I left off in yesterday’s post on the Sunday evening, as the mothing action – and the bulbs that lured them – really began to hot up. I’d never seen so many traps set in one place: at least five mercury lamps lit up Windmill Farm, aiming for a good catch towards the Bioblitz total. Moths for miles around were presumably spoilt for choice, with pale yellow light bathing the windmill like an illuminating monument. The only competition for brightest object visible that night was the moon, which may have distracted the odd adventurous moths away from our more convenient traps.*
At least two hardy souls were up for most of the night, catching up with moths freshly arriving. I hung around with a late cup of tea for a while, enjoying such beauties as Lesser Broad-bordered Yellow Underwing, Swallow-tailed Moth and The Drinker, before succumbing to much-needed rest. That was OK – I almost prefer the surprise of opening an untouched trap the next day to see what has dropped in. It’s like an ecologist’s Christmas – stumbling out of bed (in this case, out of tent), bleary-eyed and sore-headed, but buoyed up by the impending disclosure of what moth-Santa brought in the night. Or should that be Moth-er Christmas? As you can see from this limited range of pictures, many of our finds were spectacular.
More experienced mothing hands pointed out it had been a ‘disappointing’ catch. It was cold, for July, and numbers are down across the board this summer, with adult moths struggling to find a good stretch of weather in which to emerge. Frankly, if I’m ever present for a ‘good’ catch, I don’t know what I’ll do with myself – attempting to mentally or visually process Windmill Farm’s record catch (500 individual moths, from 85 species) would probably be overwhelming. Still, I look forward to it. I’m most definitely catching the moth bug, and I fully intend to present myself at as many trap unveilings as possible in the next year, and eventually obtain – or build – one of my own.
Tearing ourselves away from moths, the team of blitzers (to coin a collective noun) set to work on increasing our species total in a frenzy of pond dipping, botanising and bug hunting. Dragons – dragonflies and damselflies, that is – are one of the top draws at Windmill Farm, and I believe 14 species were seen during the blitz, including the new-to-me Emerald Damselfly and Red-Veined Darter (the latter of which I almost didn’t realise I’d seen until consulting with Andy and checking my pictures! Cameras do come in useful).
Whilst we feasted on the dragons with our eyes, a hobby dropped in at lunchtime to feast on them in more literal fashion. And indeed, after all that invertebrate-based excitement, the species of the day, for me, ended up being a bird. Predictable as always. But this was a long-awaited lifer, a wood sandpiper. Last year they seemed to be everywhere through autumn migration, except for wherever I happened to be birding, so the chance relocation of a green, putative wood sandpiper by site warden Dougy, and the chance fact that we were with him at the time, gave me a surprise early chance at the species this autumn. (It’s autumn for waders.) I was delighted when he got close enough to the bird to confirm its identity, and pleased to then get a good enough look to satisfy myself that I would have known what I was looking at – noting the species’ heavily spotted back, pale undersides, eye stripe, yellow-green legs and slender build. One I hope to see a lot more of in future. A bagful of new insects, rare plants at every turn (which I haven’t even touched on), and even some bonus birds of the very good sort. Bioblitzing? I’m completely sold.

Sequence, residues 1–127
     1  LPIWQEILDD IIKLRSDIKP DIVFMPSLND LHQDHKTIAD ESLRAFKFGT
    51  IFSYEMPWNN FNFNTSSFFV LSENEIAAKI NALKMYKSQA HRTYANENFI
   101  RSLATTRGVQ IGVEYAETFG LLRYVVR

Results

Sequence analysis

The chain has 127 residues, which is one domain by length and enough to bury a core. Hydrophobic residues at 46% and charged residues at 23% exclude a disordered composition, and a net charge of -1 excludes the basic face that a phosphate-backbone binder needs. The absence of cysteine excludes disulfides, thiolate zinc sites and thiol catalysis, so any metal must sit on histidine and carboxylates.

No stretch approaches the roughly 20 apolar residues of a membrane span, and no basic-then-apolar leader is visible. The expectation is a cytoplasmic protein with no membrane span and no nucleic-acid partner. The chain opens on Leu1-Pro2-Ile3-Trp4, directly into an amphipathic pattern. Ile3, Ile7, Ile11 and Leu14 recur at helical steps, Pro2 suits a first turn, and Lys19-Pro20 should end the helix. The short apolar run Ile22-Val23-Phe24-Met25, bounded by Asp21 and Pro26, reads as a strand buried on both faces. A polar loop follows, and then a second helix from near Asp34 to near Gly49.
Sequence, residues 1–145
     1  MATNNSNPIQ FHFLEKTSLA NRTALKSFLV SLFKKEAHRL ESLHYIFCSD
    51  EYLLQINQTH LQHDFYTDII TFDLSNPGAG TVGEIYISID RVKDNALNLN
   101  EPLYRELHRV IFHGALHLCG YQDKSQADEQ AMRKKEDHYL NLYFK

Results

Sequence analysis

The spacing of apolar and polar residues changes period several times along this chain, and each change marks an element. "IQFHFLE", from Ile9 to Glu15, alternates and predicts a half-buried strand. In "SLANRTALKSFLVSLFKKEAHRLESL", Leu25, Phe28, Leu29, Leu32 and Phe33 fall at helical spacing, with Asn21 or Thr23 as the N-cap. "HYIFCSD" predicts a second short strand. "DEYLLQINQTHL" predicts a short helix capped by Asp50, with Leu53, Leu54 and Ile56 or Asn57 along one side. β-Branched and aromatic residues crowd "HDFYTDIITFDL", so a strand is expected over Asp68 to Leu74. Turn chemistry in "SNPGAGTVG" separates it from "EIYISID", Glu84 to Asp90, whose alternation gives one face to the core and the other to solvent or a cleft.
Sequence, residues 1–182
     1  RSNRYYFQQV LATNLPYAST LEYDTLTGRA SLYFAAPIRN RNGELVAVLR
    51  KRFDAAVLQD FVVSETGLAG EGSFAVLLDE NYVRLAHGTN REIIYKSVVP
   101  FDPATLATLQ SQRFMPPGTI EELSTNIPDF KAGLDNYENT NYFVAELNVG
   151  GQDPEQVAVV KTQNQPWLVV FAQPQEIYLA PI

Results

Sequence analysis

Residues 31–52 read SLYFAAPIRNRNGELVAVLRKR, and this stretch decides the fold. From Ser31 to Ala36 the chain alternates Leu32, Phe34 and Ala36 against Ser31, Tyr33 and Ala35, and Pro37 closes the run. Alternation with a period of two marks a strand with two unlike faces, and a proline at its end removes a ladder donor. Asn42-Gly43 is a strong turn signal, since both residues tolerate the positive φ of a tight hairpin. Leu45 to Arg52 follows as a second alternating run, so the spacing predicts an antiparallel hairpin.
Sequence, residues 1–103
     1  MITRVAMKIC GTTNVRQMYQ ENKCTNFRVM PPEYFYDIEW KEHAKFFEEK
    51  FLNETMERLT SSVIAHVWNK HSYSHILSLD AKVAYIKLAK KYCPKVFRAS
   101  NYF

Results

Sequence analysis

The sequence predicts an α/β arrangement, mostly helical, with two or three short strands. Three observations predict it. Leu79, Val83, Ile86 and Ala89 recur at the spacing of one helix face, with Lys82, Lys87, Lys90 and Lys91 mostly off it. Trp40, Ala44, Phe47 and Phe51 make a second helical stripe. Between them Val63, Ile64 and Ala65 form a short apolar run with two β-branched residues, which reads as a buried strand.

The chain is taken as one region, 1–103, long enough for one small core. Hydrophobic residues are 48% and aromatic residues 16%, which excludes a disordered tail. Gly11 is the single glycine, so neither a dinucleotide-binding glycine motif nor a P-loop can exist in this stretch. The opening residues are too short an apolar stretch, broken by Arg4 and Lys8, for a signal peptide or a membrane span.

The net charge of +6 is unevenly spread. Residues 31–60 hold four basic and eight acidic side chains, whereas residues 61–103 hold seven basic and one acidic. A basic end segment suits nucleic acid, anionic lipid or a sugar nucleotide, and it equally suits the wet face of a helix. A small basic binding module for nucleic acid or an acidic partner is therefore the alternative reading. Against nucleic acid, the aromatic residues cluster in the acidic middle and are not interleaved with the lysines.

*For the moon is, of course, a moth trap. Forget ridiculous legends about faces made of cheese. If one was a moth, the piercingly bright globe of a full moon would clearly appear as an irresistible beacon, the light to end all lights. What appear to be craters are actually the crevices in millions upon millions of egg boxes, resting places for ambitious lepidopteran astronauts. And when Neil Armstrong landed on the moon’s surface what he actually said was ‘A small step for man, one giant leap for mothkind’, but it seems his words got lost in the static. The only reason you don’t see moths heaped up around the Eagle’s legs in those famous photographs is that the crew took specially designed brooms with them to clear off the landing area: incredible, but true.